I've been hanging out more on twitter lately (twitter.com/knitluck) and meeting some amazing knitting folks. One person I met, Rohn Strong of (@strongandstone) posed this question about knitting pattern design:
Do you think by walking knitters step by step and hand holding in patterns is generating a generation of very dependent knitters?
I had a very strong reaction to this question for a few reasons. After my recent baby sweater debacle based on a poor knitting pattern design that kept me from knitting for a week I have developed some strong opinions on knitting pattern design from the standpoint of a knitter and consumer. I am not a knitting pattern designer. I've dabbled in it, but decided that I'd leave it for the professionals. That said, after knitting many knitting patterns in the last ten years I'd like to think I've learned a thing or two about knitting pattern design as it concerns the end user, the knitter.
The other reason I had such a strong reaction is that I get upset about some attitudes towards beginner knitters. I've witnessed oneupsmanship, snobbery and downright arrogance when dealing with less experienced knitters and it makes me very disappointed in knitting as a hobby. I've seen this in yarn shops by yarn shop owners, I've experienced it in abundance at online knitting forums and it horrifies me that there are many cruel and unempathetic knitters out there who seem practically threatened by the notion that there are other ways to knit things, or that people might need help learning to knit.
I consider the attitude that providing specific instructions in knitting patterns creates "dependent knitters" to be at best arrogant and at worst rude. It suggests that knitters should be able to read a knitting designer's mind when knitting a pattern and already know the right cast on or bind off in any situation. Knitting is a skill that takes years to master. There's a master's program from TKGA that takes years to complete. It is a folly to expect that any knitter beginning or not will know a knitting designer's intentions without explicit instructions.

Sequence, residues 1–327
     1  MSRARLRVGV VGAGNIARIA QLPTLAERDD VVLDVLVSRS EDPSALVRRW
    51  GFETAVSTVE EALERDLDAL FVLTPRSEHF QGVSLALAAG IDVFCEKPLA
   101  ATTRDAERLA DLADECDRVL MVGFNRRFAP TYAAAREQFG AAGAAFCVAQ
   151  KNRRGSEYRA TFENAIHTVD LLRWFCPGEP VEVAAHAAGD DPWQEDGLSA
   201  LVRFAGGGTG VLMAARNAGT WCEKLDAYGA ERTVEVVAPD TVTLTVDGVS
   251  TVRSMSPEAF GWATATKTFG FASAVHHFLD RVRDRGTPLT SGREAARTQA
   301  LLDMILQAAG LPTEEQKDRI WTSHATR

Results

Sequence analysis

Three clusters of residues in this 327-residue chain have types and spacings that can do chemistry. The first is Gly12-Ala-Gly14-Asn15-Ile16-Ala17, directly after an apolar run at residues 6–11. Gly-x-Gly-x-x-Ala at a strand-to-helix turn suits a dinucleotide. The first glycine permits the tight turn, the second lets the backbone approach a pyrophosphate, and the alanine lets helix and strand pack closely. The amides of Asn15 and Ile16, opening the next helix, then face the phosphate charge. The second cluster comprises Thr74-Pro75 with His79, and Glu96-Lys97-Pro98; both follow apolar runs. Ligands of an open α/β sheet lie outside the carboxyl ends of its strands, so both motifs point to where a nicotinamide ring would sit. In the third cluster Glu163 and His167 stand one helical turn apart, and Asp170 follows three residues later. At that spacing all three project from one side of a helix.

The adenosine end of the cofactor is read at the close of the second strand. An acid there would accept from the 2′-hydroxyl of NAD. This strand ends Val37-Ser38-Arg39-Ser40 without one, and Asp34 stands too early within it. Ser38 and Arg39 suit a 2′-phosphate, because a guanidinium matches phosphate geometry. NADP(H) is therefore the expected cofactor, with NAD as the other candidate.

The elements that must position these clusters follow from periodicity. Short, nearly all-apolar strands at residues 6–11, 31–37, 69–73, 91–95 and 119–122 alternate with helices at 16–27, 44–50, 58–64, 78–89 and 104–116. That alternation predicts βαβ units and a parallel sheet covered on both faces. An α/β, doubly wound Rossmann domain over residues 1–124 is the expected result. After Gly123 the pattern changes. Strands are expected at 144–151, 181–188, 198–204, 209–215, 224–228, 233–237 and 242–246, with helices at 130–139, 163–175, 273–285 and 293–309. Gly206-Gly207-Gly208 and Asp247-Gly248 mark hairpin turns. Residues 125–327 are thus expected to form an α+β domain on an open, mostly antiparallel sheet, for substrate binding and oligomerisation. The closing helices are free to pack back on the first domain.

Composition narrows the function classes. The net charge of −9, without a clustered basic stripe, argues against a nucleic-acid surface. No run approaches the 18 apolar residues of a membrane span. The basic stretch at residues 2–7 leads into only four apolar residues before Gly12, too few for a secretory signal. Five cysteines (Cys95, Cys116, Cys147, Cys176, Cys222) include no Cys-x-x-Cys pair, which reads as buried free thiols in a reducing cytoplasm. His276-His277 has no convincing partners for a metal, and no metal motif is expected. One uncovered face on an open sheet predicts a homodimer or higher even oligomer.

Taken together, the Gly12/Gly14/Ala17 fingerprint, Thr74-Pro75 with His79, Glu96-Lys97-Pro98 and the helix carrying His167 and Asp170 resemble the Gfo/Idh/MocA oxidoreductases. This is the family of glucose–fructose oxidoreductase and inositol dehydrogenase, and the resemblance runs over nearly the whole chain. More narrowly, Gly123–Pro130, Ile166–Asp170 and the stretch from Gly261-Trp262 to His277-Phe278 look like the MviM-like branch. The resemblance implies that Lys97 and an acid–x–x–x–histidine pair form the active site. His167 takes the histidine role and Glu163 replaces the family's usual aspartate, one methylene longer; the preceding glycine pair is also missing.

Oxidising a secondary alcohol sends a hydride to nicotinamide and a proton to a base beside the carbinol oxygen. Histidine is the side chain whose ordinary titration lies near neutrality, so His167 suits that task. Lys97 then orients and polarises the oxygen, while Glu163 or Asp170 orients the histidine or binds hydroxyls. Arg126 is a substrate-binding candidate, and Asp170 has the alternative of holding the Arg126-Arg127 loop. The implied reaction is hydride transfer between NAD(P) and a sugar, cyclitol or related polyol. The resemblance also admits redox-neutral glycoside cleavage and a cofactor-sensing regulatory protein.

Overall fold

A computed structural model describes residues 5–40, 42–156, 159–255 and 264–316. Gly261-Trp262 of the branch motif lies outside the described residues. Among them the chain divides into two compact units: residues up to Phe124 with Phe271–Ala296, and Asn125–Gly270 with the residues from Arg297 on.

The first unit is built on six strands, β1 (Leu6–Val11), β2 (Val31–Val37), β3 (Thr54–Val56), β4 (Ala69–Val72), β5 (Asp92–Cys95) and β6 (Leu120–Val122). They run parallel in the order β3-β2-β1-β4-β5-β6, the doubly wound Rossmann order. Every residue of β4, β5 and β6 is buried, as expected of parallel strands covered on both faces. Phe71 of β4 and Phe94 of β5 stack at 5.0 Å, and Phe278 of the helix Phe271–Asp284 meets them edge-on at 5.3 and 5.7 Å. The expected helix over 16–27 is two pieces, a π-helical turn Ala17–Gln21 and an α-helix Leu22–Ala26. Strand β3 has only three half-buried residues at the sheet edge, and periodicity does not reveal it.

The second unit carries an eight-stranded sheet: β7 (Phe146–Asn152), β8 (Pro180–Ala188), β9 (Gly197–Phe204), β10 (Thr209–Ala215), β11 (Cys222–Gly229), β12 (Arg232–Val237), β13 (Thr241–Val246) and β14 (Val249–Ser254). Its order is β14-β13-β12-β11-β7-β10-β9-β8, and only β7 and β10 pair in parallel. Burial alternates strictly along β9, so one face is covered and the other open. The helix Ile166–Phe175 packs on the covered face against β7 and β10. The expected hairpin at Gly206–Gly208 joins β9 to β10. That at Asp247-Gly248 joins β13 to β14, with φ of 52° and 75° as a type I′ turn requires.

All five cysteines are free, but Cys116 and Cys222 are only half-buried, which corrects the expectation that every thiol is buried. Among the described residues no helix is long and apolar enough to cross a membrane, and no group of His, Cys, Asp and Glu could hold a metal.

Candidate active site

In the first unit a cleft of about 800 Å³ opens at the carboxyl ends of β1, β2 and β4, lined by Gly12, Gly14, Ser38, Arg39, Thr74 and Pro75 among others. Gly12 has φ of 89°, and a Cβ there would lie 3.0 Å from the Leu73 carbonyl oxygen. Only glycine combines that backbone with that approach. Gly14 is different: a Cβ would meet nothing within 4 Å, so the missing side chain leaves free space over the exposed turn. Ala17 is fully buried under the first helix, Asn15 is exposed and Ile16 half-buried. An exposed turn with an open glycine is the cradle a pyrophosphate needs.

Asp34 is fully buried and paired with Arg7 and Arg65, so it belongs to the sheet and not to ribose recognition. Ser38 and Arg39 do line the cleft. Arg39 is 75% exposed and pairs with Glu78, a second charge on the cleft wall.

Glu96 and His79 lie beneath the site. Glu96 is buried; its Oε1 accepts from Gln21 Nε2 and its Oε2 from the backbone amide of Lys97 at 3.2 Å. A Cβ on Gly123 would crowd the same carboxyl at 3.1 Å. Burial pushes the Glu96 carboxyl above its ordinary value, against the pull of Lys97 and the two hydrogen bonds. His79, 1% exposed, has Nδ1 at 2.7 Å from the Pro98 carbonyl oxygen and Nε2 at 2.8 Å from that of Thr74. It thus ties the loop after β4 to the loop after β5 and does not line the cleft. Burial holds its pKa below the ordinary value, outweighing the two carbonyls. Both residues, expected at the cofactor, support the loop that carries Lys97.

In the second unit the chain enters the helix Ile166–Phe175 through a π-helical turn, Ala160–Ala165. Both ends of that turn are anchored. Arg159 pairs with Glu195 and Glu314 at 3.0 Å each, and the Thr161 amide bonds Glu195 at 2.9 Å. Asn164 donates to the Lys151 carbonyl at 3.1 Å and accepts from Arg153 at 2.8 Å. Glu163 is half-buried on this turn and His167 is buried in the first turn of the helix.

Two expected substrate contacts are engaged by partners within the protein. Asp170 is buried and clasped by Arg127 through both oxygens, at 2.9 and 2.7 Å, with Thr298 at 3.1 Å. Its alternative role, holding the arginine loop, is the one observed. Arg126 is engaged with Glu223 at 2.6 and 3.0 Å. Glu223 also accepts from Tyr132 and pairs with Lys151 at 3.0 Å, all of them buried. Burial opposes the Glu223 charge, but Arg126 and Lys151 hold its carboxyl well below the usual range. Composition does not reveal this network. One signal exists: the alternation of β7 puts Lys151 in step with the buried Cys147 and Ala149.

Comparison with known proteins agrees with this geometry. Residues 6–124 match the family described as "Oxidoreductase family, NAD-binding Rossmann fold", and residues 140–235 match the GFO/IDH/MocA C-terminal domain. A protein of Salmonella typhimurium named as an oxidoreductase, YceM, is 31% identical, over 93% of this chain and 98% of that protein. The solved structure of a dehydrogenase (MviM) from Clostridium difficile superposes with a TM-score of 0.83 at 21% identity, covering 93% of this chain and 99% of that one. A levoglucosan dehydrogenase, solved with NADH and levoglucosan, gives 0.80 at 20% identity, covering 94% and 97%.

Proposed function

There's always going to be knitters to need extra hand holding. These knitters sometimes require a lot of patience (especially from local yarn shop owners), but making a knitter guess at technique is not going to magically eliminate these folks from knitting -nor should they be excluded from our hobby. Instead perhaps we need better training for knitting pattern designers to be as specific as possible in their designs and for yarn shop owners in basic interpersonal skills and specific offerings for one-on-one knitting tutoring. I get it, working with needy knitters is time consuming and frustrating for yarn shop owners, especially if said person didn't buy the yarn at the store, but we are all ambassadors to knitting as a hobby and we all need to ask ourselves whether we're doing our best to be inclusive.
One thing that really gets my goat is when knitting pattern designers don't specify which cast-on they used, or bind off. There are many ways to do both and if I had to spend hours researching which one would create the result I see in the photo, then that's time that I'm not knitting and the faster I'm able to knit a knitting pattern, the faster I will be able to purchase another pattern and more yarn. It benefits designers, yarn companies and knitters as a whole to have comprehensive knitting patterns that educate the knitter on different techniques and even offers alternatives to the techniques listed. Maybe these are things that can be added as errata or notes in Ravelry. I understand that knitting pattern design is time-intensive and time sensitive. Sometimes it's hard to get all the things in there and specific technique description is very detail oriented work for endeavors that are already heavy with specifics.
That said, with the proliferation of new knitting pattern designs and designers in the last decade patterns are getting better and better and there's more tech support and contact between knitters and knitting pattern designers. It's not too difficult to contact your knitting pattern designer with a question, but it saves designers the time of having to answer those questions by putting those details in the pattern to begin with. That doesn't account for the goofballs (like myself) who get so excited about a given knitting pattern that they don't read it all the way through before casting on (derp), but that's no fault of the designer anyway.